As Night Moves were in the process of putting together this third LP, singer John Pelant apparently mused, “wouldn’t it be great if we could make a record that sounded like it has a lot of singles on it?” You wonder if that’s where things began to go wrong, because at the heart of ‘Can You Really Find Me’’s difficulties is a marked lack of cohesion. Night Moves drift stylistically across these ten songs, meaning that we continually make jarring jumps like between tracks one (‘Mexico’, a slow-burning synthpop number) and three (‘Keep Me in Mind’, a lightweight alt-country cut). Later on, the pair briefly threaten to revive chillwave with ‘Coconut Grove’, before waferthin balladry (‘Angelina’), more glacial electropop (the title track). Running through is a sense of inertia, a sort of slow-paced rut that the pair never quite snap out of, with the possible exception of the satisfyingly panoramic ‘Ribboned Skies’. (Joe Goggins) LISTEN: ‘Ribboned Skies’

Back to the

Drawing Board

With Penelope Isles

Q1: Where did you record the album?

Q2: What does an ‘Underwater Record Store’ look like?

Q3: What does the Garden in ‘Through The Garden’ look like?


Q4: What do you all do after the tide creeps in?








FRI.25.OCT.19 SAT.23.NOV.19

THU.03.OCT.19 MON.04.NOV.19 THU.28.NOV.19







LIV Setlist:



The O2, London. Photos: Emma Swann.


uitar aloft, teetering on the edge of the enormous stage at London’s O2, Kevin Parker resembles some sort of psychedelic Jesus, the long-haired, spot lit focal point for a sea of adoring subjects. Except instead of prayer and ritual, tonight’s Tame Impala gig is the setting of an alien encounter complete with more lights, lasers, and synth goodness than you can shake a stick at.

love,” he beams, after ‘Apocalypse Dreams’ turns the cavernous arena to a skin-to-skin sweatbox. A brief interlude prefaces ‘The Less I Know The Better’, a storm of monumental, rumbling funk.

The Aussie outfit aren’t new to this scale of performance; in April they headlined Coachella, one of the most prolific slots on the music calendar, and a run of equally prestigious billings are set to follow in weeks to come. Cram a festival field-worthy show into one room, mind, and the result is something of a spectacle, especially when said show opens with the zippy staccato synths of ‘Let It Happen’, plus a blizzard of rainbow confetti.

Nothing unreleased gets aired, but recent single ‘Borderline’ is enough to whet 20,000 appetites as a halo of lights descends from the heavens over the band like a flying saucer. It seems there won’t be long to wait, though: “One thing I can tell you London,” he starts, “the next time we’re here we’ll have a whole bunch of new songs to play”.

The night overflows with sensational moments; from 2012’s ‘Lonerism’, ‘Elephant’ heaves itself up in almighty form, accompanied by a dazzling display of smoke and lasers. A huge screen above the stage provides trippy visuals, one second a desert landscape, the next abstract shapes or Kevin’s face soaked in wild colours. “There’s the London crowd I know and

Cuts from 2015’s outstanding ‘Currents’ make up the bulk of the setlist. Kev’s glossy vocals ooze over ‘Yes I’m Changing’ like a lava lamp, ‘Eventually’ kicks the energy back up.

For an encore, the shimmering vintage crackle of ‘Feels Like We Only Go Backwards’, as fresh tonight as it was seven years ago, followed by ‘Currents’’ closing number ‘New Person, Same Old Mistakes’, not necessarily the type of show-stopping banger an arena show might usually close on, but then again, this is no ordinary arena show. A fresh shower of confetti and that’s that the ‘Currents’ world tour wrapped up in a spellbinding fusion of music and visuals. (Alex Cabré) 75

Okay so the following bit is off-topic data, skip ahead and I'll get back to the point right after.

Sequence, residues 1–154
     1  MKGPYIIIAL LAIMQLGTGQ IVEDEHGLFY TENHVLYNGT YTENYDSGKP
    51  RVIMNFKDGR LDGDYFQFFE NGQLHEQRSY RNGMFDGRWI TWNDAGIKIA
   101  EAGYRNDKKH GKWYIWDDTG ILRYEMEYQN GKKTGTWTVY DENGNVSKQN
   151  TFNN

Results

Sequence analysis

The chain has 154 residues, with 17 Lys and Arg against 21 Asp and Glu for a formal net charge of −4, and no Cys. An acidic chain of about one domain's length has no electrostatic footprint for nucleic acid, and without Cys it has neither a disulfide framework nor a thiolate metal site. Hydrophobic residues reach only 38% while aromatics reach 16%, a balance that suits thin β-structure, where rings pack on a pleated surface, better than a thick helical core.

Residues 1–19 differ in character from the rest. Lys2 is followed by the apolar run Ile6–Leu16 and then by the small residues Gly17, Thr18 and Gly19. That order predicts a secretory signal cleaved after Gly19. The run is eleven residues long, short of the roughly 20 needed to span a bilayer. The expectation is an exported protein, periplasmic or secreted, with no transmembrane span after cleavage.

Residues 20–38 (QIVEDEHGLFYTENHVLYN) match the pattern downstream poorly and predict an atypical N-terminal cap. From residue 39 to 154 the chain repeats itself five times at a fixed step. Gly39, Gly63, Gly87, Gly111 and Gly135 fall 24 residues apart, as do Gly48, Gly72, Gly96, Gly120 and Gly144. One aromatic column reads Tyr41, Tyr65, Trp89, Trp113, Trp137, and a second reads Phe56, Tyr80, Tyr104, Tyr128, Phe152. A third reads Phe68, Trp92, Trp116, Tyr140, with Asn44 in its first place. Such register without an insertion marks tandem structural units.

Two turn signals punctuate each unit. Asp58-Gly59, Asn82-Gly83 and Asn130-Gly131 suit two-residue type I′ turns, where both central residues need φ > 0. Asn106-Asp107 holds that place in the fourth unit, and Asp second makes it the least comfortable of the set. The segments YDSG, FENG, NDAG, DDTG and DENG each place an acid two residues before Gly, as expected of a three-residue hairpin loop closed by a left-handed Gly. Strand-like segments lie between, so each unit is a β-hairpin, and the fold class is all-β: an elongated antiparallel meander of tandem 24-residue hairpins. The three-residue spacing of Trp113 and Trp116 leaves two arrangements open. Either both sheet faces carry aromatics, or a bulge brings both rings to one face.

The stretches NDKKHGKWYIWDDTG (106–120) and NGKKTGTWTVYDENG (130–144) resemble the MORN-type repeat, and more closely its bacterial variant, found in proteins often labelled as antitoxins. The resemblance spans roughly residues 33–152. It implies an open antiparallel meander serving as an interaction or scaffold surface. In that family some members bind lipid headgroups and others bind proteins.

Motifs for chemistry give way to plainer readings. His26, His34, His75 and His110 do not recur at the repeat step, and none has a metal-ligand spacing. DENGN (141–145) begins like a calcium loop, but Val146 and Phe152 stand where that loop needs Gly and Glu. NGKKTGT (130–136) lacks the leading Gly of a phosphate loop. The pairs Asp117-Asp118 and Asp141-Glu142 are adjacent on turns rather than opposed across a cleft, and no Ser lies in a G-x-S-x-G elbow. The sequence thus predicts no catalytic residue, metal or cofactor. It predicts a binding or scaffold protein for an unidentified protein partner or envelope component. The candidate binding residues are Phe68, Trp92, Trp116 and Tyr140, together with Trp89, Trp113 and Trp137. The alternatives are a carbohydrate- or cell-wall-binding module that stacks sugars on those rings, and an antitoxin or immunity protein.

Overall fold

FOALS Alexandra Palace, London. Photo: Patrick Gunning.


xiting Wood Green station and hopping on the shuttle

bus behind a sea of floral Hawaiian shirts and lads necking gin tins on a sunny Saturday evening can only mean one thing: Foals are about to play a show at Ally Pally. Heading into the iconic London venue for the group’s second of two special sold-out headline performances, the ten thousand-strong crowd have their double-pint cups at the ready as the lights are lowered and the band take to the stage asking whether or not the crowd can beat the rowdiness of the previous night. And, tbh, they don’t disappoint. Celebrating March’s fifth album ‘Everything Not Saved Will Be Lost - Part 1’, Saturday sees Foals mark the second of their biggest headline shows to date with an unflinching 18-song setlist comprising of banger after banger. Playing tracks spanning their entire discography in front of an ever-changing backdrop of dreamlike landscapes and waving palm trees, the night is one big triumphant party honouring the group’s undisputed reign as one of the UK’s most beloved bands for over a decade. With the excitement both on and off stage palpable, they have the crowd hooked from the first strokes of recent drop and show opener ‘On the Luna’ through to thumping follow-up ‘Mountain at My Gates’. When the iconic riff of fan favourite ‘My Number’ starts, pints are thrown metres in the air, and there isn’t one person stood still and not chanting the chorus, before the emotional anthem ‘Spanish Sahara’ flickers with the same electricity as when it first dropped in 2010. Soaring between older classics and songs from the latest record, Foals don’t take their foot off the accelerator for the whole 90-minute set. When ‘Holy Fire’ lead single ‘Inhaler’ comes around just before the encore, it doesn’t take much persuasion from Yannis Philippakis to convince the entirety of Alexandra Palace to kneel on the floor before jumping up in unison as soon as the drop comes. After a brief moment offstage, they reemerge for the encore, kicking things off with a glimpse into ‘Everything Not Saved Will Be Lost: Part Two’. Introducing new track ‘Black Bull’ as “just a teaser, a taste” of what’s to come, Yannis tears through the opening guitar riff before the electrifying and tumultuous chorus hits the crowd like a tidal wave. But it’s staple closer ‘Two Steps, Twice’ that is the highlight. As Yannis climbs over the crowd during the extended interlude and the song’s iconic chant begins to build around the packed (and now very sweaty) room, it’s the perfect embodiment of the unfaltering fun and exhilarating excitement that Foals have kept at the forefront from the very beginning. Over the more than 10 years that they’ve been performing, their momentum has not once slowed down and if the ten thousand people singing every single word are anything to go by, it’s not going to anytime soon. As streamers shoot out during the song’s crescendo and the whole of Ally Pally dances along, there is no question that Foals really are forever. (Elly Watson)